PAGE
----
The finest sport in sea trout fishing is chasing sil­ver. Brown trout turn sil­ver in the ocean and take on an ap­pear­ance al­most in­dis­tin­guish­able from our beloved At­lantic salmon. And they fight al­most as hard, and some­times even more so. The dif­fer­ence be­tween tan­gling with a fresh run sil­ver sea trout rocket and a slinked-out spring trout is like driv­ing a Porsche and then rid­ing a moped. There are pock­ets of op­por­tu­nity through­out the sea­son in var­i­ous places for sil­ver. Trout some­times move to the sea at odd times, but au­tumn is the time of grand op­por­tu­nity. Too bad the sea­son doesn’t run a tad later. There are still lots of trout in the salt.

Like I said, I went sea trout fishing last Satur­day. The tide was run­ning out nicely when Matt and I ar­rived. I rigged my 12-ft 6-in 7wt stick of graphite and knot­ted on a nice tempt­ing seal fur streamer pat­tern. I love to fish two handed for sea trout when­ever I can. Matt rigged his 11-ft 6-in Loop two-han­der and away we went. I hadn’t been fishing in a few weeks and did it ever feel good, knee deep in run­ning wa­ter, up­river wind, time for a sin­gle spey off the right shoul­der. The sun was shin­ing, my mus­cles felt loose and life was good.

Sunshine isn’t the best for sea trout. A few years ago, I fished the Rio Grande in Terra del Fuego, and even there, one of the best rivers in the world, the bright sun can skunk you. But to­day the tide at least, was per­fect, and Matt and I were just happy to be fishing.

For the first while, maybe an hour, we didn’t see much. Then the tide be­gan to push a bit, mean­ing the ocean be­gan to take con­trol, push­ing salty wa­ter back into the es­tu­ary and slow­ing the river’s nat­u­ral flow of fresh­wa­ter. The trout ap­proved, or maybe they just ar­rived with the in­com­ing high salin­ity wa­ter. Who knows? Re­mem­ber, tide is al­most ev­ery­thing in this game.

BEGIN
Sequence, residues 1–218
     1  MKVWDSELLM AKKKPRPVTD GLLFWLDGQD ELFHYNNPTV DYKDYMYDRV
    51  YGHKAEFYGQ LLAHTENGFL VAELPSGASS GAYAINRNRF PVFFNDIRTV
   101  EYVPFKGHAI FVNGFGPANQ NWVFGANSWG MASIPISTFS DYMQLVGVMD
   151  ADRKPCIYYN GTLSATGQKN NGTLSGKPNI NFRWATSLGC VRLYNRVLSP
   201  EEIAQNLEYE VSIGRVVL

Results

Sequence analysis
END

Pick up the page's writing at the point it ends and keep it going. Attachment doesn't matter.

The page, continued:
Early morn­ing or late evening counts for noth­ing most of the time. Any­way, we started see­ing some very nice au­tumn sil­ver. I was ex­cited.

I heard a splash and looked across the river towards Matt. His rod was bent deep and he was into a very nice trout, a chrome-clad rocket. More splashes and flips and som­er­saults en­sued. Wow, this trout was on steroids or af­ter­burn­ers, fighting with ev­ery ounce the en­ergy of any sea- iced salmon I’ve ever wit­nessed. Matt tried to tame the bat­tle un­til I waded across the river and up to the truck to fetch my cam­era. He didn’t pull on the trout and let it sulk a bit. When I was ready with the lens Matt leaned back on the rod and this crazy fish went aerial again. This wild epic aer­o­batic dis­play was well worth the long drive and miss­ing a day in the woods.

I would have a fin and grin for you but ap­par­ently fall sea trout have very slip­pery tails. Next time we’ll bring a net. And next week it’s moose hunt­ing.

PAUL SMITH PHOTO

This trout was to­tally wild.

PAUL SMITH PHOTO

Sea trout have slip­pery tails.

PAUL SMITH PHOTO

Catch­ing sea trout on a sunny day is never easy.

PAUL SMITH PHOTO

Au­tumn an­gling on Manuels River.